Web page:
Carrier landings are one reason. Not only is the airplane carrying a tailhook attached with structure to allow it to pull on the airplane with two to three times its landing weight, a nose gear that can pull the whole airplane down the catapult track, a wing folding arrangement, extra wing area, etc, the landing gear has to withstand twice the sink rate of a land-based airplane and not always symmetrically or straight ahead.
The touchdown shown above puts quite a bit of side load on the landing gear. In order to minimize the weight of a landing gear that could withstand it, the engineers who designed the F-14 incorporated a unique load link between the main landing gear strut and the fuselage that was established after the gear was extended.
After the landing gear strut extended into position, a T-fitting on the side of the strut swung up to engage a receptacle located inside an opening in the side of the fuselage.
Why the Rube Goldberg (Heath Robinson to the Brits) arrangement, you might well ask? That's illustrated by a comparison of the Grumman A-6 and F-14 main landing gear struts. They are very similar in overall length, diameter, and attachment to the fuselage even though the F-14 landing weight was 50% greater. If anything, the F-14's side brace at the top of the strut looks less sturdy (i.e. heavy) than that of the A-6.
As often happens with innovative designs, there was an unintended consequence that wasn't apparent in development, qualification, or service test or even in initial operational use. Presumably engineering took into account the splaying loads generated on touchdown that are at least partially mitigated by the lateral friction of the tire against the landing surface. They doubtless took into account that some landings would occur where the tire's resistance to sliding sideways was minimal, such as a touchdown zone coated with rubber deposits and wet from rain.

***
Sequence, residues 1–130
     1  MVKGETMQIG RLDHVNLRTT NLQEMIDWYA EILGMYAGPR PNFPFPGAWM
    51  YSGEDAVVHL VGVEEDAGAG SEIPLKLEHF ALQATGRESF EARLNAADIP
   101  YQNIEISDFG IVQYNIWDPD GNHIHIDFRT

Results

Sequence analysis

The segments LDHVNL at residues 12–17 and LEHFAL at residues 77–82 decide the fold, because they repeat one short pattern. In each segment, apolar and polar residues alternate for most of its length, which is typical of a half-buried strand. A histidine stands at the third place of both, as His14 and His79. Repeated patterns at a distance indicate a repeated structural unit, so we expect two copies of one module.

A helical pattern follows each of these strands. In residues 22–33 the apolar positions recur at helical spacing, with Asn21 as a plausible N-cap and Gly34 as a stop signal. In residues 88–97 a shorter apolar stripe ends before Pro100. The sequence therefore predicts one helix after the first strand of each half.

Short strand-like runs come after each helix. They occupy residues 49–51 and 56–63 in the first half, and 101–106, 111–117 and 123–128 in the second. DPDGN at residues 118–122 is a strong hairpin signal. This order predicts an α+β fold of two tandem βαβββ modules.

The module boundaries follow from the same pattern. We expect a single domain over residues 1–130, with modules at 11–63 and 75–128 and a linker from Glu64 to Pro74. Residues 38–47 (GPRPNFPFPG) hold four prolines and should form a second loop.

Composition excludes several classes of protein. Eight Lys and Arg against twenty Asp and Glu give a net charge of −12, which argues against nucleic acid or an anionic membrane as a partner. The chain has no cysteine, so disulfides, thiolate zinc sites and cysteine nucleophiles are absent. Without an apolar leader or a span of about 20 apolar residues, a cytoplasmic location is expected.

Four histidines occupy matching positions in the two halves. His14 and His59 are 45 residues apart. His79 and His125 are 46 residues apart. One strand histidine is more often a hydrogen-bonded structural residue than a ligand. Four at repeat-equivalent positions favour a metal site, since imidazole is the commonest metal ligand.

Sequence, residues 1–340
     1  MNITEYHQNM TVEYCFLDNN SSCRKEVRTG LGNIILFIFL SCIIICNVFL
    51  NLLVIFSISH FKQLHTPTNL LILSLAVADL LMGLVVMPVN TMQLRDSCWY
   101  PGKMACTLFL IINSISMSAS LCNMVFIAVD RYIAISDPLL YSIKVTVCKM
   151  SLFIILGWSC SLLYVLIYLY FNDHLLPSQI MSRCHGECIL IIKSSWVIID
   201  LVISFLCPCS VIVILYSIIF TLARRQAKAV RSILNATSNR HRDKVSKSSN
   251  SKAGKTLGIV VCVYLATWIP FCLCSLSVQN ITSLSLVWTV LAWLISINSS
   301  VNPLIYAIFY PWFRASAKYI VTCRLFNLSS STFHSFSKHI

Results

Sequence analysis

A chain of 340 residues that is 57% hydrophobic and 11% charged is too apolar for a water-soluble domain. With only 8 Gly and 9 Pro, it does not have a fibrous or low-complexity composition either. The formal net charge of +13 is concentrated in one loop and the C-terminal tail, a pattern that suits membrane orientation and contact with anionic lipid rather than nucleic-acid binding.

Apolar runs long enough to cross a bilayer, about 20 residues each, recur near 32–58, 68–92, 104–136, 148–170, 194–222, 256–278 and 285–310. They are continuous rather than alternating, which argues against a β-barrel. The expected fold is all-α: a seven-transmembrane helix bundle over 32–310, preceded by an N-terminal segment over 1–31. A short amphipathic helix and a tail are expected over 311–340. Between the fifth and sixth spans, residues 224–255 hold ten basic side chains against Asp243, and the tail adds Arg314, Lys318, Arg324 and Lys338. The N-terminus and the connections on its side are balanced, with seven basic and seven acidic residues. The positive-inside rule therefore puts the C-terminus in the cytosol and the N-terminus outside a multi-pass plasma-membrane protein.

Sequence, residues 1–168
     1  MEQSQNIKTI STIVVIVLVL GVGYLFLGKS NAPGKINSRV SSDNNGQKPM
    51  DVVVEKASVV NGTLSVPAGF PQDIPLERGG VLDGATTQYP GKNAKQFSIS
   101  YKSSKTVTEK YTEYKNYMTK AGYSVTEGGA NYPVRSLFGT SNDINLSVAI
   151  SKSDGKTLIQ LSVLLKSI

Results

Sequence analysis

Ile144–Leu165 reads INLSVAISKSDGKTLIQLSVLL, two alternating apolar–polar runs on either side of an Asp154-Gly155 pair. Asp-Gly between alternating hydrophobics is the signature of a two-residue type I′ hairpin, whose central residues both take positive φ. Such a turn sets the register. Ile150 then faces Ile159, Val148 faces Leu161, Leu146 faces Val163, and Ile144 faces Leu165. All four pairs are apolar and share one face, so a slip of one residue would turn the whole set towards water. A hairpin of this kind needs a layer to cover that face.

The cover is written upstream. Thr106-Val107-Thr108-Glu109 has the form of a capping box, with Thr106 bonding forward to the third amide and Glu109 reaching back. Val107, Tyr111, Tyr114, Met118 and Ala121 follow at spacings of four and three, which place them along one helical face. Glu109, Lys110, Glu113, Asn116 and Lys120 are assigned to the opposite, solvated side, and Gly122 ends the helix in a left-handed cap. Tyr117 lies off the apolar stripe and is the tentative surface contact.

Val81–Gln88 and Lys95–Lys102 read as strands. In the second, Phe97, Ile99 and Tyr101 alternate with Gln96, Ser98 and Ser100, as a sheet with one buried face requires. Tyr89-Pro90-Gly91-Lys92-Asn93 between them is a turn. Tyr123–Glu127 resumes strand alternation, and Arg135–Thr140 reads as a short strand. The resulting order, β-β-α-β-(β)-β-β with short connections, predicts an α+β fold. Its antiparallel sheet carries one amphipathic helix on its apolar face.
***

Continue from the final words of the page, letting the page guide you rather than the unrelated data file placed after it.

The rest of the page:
They might have been aware of the anti-skid coating applied to metal aircraft carrier decks that would have been even more resistant to splaying than a concrete runway.. But what they apparently didn't know, according to Craig Kaston, was that the coating wore down during a six-month deployment and was not necessarily renewed, particularly in the landing area. The result was much more frequent and severe instances of side loads being reacted by the fuselage fitting, with damage eventually becoming apparent in the bulkhead located at fuselage station 569 to which it was attached.
Craig Kaston: "The remedial action was two-fold: ensure that the anti-skid was not allowed to wear down to the deck plates; and inspect and repair the damaged Tomcats. Some aircraft had to have the cracked aluminum milled out of the bulkhead and reinforcing plates added; all had the bulkhead modified in increase corner radiuses and shot-peened (cold worked) to reduce residual stresses and toughen the material. These changes were made to aircraft in production. About ten years later, the material of the 569 bulkhead was changed from high-strength aluminum to titanium in the new-build F-14Bs and Ds delivered from Grumman."